“He gave us an opportunity to open for a couple of shows last summer with Band of Horses, and he’s just continued to be a mentor and big brother to us. He’s been a really supportive guy– not just us, but for the whole music scene in Charleston.”
With both local support and a growing fan base that not only covers the U.S., but is also gaining momentum in Canada and across Europe, SUSTO is poised to gain a lot of attention with their next release in spring 2016. However, don’t expect the pressure to appeal to fans to impact the next album.
“I don’t try and write songs for any specific reason. I just write what’s on my mind. I won’t have anything to say if I don’t speak my mind. Music allows me to make a statement without having a conversation. As a listener, it allows you to truly think without having to respond,” Osborne describes.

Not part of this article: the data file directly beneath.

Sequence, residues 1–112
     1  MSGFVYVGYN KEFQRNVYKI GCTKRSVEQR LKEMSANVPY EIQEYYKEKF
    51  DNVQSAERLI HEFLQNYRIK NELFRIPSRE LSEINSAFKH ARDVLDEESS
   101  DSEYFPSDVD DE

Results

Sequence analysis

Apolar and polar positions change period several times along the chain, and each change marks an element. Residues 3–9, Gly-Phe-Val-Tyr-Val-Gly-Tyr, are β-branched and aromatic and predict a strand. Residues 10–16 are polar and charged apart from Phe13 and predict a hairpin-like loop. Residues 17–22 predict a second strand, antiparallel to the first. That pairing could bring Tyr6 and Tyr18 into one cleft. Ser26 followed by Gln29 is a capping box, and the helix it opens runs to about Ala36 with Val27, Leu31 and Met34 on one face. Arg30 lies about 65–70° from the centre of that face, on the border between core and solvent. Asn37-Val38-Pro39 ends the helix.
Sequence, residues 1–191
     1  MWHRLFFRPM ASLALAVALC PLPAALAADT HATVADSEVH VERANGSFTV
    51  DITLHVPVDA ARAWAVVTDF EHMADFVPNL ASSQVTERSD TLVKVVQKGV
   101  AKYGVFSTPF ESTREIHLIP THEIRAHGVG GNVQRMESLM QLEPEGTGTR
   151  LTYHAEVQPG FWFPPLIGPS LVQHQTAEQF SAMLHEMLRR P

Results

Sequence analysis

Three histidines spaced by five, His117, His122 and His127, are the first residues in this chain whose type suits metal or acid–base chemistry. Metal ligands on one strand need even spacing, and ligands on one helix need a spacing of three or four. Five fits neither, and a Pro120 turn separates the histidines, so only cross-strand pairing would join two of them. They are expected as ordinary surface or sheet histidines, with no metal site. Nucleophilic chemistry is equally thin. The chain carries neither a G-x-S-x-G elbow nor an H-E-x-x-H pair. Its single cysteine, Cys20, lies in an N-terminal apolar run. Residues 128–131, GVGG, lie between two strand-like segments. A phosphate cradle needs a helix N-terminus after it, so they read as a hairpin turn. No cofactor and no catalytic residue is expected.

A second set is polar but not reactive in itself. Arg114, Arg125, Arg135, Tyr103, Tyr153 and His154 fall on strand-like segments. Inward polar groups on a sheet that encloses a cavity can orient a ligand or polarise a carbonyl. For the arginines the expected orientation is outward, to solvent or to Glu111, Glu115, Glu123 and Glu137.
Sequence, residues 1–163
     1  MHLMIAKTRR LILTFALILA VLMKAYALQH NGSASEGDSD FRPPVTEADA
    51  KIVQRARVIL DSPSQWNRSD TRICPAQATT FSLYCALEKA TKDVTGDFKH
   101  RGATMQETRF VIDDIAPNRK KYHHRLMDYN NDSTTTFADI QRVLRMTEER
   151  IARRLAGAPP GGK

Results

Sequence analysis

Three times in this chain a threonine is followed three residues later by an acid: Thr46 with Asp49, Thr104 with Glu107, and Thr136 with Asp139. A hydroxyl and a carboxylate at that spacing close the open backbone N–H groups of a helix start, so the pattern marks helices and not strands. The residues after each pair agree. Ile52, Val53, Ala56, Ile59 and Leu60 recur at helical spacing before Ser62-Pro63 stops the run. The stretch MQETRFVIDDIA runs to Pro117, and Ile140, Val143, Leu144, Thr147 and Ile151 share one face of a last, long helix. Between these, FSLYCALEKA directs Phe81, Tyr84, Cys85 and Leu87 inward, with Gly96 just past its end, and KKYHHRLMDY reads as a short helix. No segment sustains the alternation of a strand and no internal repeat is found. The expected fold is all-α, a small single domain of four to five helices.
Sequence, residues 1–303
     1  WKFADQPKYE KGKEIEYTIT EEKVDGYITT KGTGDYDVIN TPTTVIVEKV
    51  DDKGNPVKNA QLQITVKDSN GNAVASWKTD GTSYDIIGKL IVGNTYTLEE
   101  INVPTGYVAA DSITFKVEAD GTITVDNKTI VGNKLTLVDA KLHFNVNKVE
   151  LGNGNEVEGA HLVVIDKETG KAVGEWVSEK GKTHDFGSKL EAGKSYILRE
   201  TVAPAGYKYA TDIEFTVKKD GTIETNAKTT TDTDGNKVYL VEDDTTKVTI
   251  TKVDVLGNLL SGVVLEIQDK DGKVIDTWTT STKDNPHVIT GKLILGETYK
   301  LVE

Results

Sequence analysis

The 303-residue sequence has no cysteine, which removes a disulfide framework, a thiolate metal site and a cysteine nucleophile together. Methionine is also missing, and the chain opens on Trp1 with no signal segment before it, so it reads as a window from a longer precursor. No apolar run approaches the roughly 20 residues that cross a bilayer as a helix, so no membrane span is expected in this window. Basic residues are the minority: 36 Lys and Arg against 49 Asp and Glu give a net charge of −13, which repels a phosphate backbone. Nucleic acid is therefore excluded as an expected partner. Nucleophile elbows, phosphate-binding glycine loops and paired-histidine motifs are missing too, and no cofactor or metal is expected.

SUSTO’s writing will continue to question societal norms within religion, pop culture and society. Justin’s strength as an artist lies within his ability to question longstanding “truths” through his unique storytelling ability. It’s his approach that will start to drive conversations– even if he’s too humble to recognize SUSTO’s potential impact.
Osborne says on the matter of influence: “How big of an impact we might have, I don’t know. What’s on my mind is what’s going to come out. And what’s on my mind is “why are people killing each other in the name of religion and flags… why can’t everyone just lift the veil? That’s the conversation I want to have.”
Just for fun – we asked Justin to answer the following questions regarding Charleston’s hot spots.
Favorite Restaurant: Chez Nous
Favorite Bar: Royal American
Best locals spot or hole in the wall: Palace Hotel or Cutty’s
Best live music venue: Royal American or Charleston Music Hall
One thing all locals know that visitors don’t (but you wish they did)?
No answer. We have to keep some secrets to ourselves.